I enjoyed that Peter.
One thing I have always wondered is why do they not use the tugs to take the aircraft to the end of the runways, this would save a phenomenal amount of jet fuel, engines coule be run-up prior to reaching the end of the runway and a parking area to go to should there be a problem.
When I worked for British Airports a study was done to look at that idea.
It was decided that it was a non-starter, but I cannot remember why.
Thinking about it now I can visualise several reasons:-
Tugs are expensive and there would have to be many additional ones bought to implement the system - maybe the capital cost, plus the operating cost including tug drivers' wages and training would be more than the taxiing cost of fuel.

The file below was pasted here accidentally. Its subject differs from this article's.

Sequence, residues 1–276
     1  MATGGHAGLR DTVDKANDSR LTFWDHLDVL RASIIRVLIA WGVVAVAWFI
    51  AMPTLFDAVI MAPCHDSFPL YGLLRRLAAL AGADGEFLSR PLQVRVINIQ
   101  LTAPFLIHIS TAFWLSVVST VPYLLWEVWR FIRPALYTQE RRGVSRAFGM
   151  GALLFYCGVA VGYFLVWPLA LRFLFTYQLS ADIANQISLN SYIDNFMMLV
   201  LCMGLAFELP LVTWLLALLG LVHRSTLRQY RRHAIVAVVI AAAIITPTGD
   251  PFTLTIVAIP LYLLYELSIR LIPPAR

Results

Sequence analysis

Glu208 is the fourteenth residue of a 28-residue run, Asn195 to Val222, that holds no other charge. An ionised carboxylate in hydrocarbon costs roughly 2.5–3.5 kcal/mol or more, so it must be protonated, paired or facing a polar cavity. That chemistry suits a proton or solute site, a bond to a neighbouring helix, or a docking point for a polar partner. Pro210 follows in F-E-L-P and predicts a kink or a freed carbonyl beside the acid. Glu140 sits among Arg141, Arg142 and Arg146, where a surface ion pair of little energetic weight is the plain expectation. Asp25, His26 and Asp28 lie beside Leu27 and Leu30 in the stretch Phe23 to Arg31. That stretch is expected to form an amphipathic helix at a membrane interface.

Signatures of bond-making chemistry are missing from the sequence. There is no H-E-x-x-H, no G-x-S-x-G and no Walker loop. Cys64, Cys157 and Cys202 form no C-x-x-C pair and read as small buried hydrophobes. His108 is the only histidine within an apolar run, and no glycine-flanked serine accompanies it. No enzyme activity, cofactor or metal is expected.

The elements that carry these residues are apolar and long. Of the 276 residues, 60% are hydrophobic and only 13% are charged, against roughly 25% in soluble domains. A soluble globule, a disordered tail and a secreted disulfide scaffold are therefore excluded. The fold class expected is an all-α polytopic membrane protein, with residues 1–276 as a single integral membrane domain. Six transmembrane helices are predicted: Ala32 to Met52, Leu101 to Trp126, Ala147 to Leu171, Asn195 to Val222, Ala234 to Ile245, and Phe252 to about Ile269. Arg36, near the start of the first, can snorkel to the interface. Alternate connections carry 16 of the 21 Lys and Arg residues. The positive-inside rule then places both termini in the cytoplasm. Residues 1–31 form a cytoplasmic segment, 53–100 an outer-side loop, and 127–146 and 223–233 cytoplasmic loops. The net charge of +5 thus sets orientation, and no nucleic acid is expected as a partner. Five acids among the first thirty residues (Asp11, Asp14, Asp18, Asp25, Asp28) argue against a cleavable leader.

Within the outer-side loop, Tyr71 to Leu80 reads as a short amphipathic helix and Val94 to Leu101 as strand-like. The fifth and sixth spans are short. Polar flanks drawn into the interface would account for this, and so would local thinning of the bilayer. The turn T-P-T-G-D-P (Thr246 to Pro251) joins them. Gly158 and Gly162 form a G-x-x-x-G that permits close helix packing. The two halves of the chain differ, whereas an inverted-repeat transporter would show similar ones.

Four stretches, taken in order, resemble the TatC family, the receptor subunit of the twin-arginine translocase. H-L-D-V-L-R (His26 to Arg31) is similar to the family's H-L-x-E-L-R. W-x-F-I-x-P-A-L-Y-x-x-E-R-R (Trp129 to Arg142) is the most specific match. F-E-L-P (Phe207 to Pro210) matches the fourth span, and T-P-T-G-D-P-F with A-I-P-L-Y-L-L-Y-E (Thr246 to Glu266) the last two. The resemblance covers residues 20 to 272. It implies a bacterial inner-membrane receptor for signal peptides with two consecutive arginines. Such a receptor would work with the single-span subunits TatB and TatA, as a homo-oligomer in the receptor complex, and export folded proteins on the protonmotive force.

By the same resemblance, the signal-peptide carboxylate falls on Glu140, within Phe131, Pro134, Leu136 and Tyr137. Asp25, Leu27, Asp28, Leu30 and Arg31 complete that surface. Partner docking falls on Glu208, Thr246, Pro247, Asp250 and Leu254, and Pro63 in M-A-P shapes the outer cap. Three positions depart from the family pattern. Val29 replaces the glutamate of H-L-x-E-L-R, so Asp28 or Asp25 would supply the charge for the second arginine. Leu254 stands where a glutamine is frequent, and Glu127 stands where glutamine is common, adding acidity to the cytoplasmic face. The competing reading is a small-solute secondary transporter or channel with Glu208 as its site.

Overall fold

A ground engineer would have to accompany the tug to the start-up point to monitor the start-up. An expensive use of highly trained personnel.
The sequencing of take-offs is not always the same as for taxi clearance, because of en-route ATC, so tugs and engineers would be tied up waiting for clearance.
The 'Holding Point' would have to be much larger to accomodate several aircraft for the several minutes it takes to start 2/4 engines and do the after-start checks before the ground engineer is instructed to disconnect the truck and that is done and the steering pins relocated.
ATC would not have the ability to to give a clearance to an aircraft approaching the runway to enter the runway and 'take it on the roll', i.e. not stop before take-off.
As you see the decision is more complex than saving a bit of fuel.
On the positive side I have been on several flights recently when only one engine is started up on push-back and the second one while taxiing to the runway - preferably before being cleared for take-off